We are talking about one of the most one of the most cherished features of life on this island post the Good Friday Agreement being utterly undermined. I refer to the free movement of everybody across our island and the invisibility of our Border, not just on the Border, on the road or on the ground but in our minds. This affects tourism, as has been highlighted by the Joint Committee on the Implementation of the Good Friday Agreement and in other forums. It affects education, including third level education, family life and healthcare, including emergency healthcare. This undermines all that we aspire to improve through all-island co-operation now and in the future.

People will have to plan their whereabouts with a porous Border. It is utterly out of touch with life on this island. I must acknowledge that checks have been taking place and the number of checks on public transport has increased, which obviously I am not in favour of. How else will this change be enforced? It will affect thousands of people and what will be the punishment?

Representatives of the Committee on the Administration of Justice, CAJ, were before the UK Northern Ireland Affairs Committee during the week. They described the provision as "unworkable and risks a hard border for many non-British and non-Irish citizens in Border communities who have been able to freely cross the Border to date". This underlines the divergence and convergence that have been talked about in terms of Brexit and the direction of travel in which the British Government is bringing us. It undermines the spirit of the Good Friday Agreement. We have discussed this matter at meetings of the British-Irish Parliamentary Association, BIPA, the Joint Committee on the Implementation of the Good Friday Agreement and with the Department of Foreign Affairs but we need Ministers to continue to be vocal about this huge issue for the whole island.

Hear, hear. Well said.

Yesterday, I spoke about the Ukrainian refugees who are being accommodated in this country. They are all extremely welcome. In my area of north County Clare there are almost 1,000 refugees and in Lisdoonvarna alone there are over 500 refugees. It was heartening to see some normality, with 66 pupils having started in the secondary school in Lisdoonvarna and 27 young people having started in primary school. We need to urgently ensure the necessary resources are made available.

I believe there are now 60 doctors from Ukraine in Ireland. I know there are five doctors and one orthodontist in Lisdoonvarna alone. There is a critical shortage of doctors and orthodontists in this country. I ask the Deputy Leader to contact the Medical Council. I contacted it yesterday and I still have not received a response as to what it is doing to recognise the qualifications of Ukrainian doctors to enable them to practise in this country. This is urgent as it would alleviate the challenges posed by waiting lists and overcrowded accident and emergency departments and tackle the queues of people waiting to attend GPs. They would also be in a position to attend to the medical needs of refugees who have fled Ukraine because these medical professionals speak their language.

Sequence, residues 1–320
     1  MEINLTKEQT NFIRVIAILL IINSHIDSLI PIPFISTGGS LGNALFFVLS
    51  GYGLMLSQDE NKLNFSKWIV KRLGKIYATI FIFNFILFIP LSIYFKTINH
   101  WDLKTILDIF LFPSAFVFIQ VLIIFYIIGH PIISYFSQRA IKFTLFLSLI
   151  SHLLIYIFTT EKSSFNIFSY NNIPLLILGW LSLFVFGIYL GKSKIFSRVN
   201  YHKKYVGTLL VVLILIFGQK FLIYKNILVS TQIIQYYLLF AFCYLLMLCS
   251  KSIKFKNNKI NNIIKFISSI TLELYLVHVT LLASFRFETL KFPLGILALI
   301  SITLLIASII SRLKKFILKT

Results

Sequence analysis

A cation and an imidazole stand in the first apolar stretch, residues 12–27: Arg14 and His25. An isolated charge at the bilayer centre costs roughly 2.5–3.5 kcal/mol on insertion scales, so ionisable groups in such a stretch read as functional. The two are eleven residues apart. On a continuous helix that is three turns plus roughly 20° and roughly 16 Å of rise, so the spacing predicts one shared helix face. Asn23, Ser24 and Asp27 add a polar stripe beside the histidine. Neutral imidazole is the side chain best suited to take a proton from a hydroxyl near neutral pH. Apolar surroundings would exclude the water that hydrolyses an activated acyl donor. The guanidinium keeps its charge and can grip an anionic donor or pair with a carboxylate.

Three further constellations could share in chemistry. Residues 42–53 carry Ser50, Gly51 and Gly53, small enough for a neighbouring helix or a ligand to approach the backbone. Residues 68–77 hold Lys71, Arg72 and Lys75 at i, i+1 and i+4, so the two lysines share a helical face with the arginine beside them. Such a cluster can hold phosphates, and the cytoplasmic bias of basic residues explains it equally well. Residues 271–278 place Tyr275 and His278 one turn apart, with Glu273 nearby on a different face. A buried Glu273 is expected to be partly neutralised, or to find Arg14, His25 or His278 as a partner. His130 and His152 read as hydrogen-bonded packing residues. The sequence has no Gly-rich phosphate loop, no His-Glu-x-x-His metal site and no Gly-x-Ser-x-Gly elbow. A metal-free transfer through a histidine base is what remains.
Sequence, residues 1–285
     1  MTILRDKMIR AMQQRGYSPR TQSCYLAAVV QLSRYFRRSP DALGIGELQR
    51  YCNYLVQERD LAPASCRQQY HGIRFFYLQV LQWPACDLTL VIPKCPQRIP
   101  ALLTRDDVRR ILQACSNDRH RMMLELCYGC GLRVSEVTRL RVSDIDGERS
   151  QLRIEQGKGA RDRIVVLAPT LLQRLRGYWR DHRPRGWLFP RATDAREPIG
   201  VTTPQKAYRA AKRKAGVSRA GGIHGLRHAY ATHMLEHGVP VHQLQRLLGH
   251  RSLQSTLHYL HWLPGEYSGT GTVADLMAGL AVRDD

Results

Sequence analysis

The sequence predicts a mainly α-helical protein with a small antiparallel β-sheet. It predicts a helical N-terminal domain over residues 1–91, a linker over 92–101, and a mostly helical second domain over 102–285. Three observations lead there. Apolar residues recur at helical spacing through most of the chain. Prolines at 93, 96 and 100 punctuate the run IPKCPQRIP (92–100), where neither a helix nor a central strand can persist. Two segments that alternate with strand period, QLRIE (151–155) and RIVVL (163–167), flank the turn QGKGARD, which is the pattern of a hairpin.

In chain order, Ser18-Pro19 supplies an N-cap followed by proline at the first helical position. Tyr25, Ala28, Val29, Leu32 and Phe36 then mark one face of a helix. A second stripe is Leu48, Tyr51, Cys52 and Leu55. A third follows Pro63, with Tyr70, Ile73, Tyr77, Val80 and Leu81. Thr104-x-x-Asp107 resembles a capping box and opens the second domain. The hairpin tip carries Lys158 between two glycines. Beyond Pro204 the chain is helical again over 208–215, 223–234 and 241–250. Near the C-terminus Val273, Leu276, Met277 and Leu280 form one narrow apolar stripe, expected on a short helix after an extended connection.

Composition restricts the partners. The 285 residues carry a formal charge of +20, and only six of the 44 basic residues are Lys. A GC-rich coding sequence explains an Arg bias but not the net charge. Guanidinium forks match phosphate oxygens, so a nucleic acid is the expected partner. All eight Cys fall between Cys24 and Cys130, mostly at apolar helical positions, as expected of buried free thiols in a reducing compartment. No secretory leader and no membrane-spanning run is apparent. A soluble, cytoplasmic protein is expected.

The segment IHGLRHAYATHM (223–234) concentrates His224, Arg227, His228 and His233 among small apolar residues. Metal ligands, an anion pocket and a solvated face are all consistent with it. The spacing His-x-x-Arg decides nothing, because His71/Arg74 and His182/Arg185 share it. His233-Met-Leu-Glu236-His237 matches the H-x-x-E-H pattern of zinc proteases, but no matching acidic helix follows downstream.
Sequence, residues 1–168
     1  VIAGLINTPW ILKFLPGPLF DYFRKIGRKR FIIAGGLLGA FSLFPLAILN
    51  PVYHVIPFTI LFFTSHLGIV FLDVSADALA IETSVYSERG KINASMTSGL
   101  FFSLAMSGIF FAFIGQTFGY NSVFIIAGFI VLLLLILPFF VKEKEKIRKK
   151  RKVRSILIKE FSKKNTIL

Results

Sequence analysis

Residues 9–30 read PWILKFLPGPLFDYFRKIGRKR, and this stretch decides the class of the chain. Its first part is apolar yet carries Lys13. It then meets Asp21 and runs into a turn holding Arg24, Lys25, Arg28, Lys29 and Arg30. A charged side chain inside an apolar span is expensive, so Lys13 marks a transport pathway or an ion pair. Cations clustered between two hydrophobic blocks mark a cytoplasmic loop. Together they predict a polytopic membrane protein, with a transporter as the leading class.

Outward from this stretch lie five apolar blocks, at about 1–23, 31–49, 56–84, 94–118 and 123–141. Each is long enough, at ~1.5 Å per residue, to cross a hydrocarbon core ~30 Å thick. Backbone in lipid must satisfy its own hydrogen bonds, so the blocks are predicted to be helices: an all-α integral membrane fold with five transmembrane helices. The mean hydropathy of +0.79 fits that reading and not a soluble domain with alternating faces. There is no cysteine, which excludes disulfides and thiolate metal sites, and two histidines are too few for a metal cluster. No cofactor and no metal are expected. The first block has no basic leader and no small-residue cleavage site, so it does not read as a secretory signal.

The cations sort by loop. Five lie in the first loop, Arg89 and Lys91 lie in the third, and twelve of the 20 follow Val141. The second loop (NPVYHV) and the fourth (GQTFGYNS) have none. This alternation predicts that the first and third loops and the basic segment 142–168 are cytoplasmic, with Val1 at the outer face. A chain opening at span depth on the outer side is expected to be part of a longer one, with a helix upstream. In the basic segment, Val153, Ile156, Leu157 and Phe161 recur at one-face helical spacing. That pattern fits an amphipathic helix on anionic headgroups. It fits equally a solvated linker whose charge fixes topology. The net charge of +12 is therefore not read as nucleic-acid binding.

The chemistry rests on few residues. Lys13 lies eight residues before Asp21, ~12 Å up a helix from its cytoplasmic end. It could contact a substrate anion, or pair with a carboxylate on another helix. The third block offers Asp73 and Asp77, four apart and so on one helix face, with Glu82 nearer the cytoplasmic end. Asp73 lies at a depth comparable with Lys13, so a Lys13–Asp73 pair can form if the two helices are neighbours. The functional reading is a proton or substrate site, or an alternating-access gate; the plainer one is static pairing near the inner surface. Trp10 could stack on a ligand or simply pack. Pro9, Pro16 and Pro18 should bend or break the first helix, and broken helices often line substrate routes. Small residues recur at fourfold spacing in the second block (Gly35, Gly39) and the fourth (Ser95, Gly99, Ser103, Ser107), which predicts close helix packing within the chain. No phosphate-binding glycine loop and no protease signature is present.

I want liaison officers to be appointed in each Department. To take as an example, the Department of Transport, I have received a number of inquiries from people from the Ukraine about their driver licences. They want to know whether their driver licences will be recognised in this country. There is also a major problem with insurance. Will members of the Ukrainian community who have cars here or wish to buy cars be in a position to insure them or will the insurance companies return to type and rip people off? There is a war in Ukraine and I expect the insurance companies to act with integrity, decency, dignity and respect. Will they do that or will they rip people off? These questions needs to be answered urgently. I appeal to members of the media who are following this debate to ask the insurance companies if they are going to rip off Ukrainian refugees who are insuring their vehicles?

I thank the Senator for so lucidly putting his questions.

Next Friday will be a special day for the Irish Cancer Society. Many fundraising events and activities will take place all over the country. For example, people can host coffee mornings where people can engage and donate. I want to highlight the importance of volunteering and the many ways to support an organisation other than just giving money. People can donate to all of the hospice and Irish Cancer Society shops located all over the country. Many organisations need drivers to bring people for treatment. This Friday is a very special day and everyone will take part. There will also be an event tomorrow in Leinster House. Volunteers are needed to act as drivers, help out in shops or make a donation. There are lots of way to help apart from making a financial donation.

I thank the Senator. She caught me off guard due to the brevity of her contribution.

The Senator made her point not just with brevity but also with efficiency, which is always good. It is much harder to convey a point using fewer words.

I thank all Members for their contributions to the Order of Business.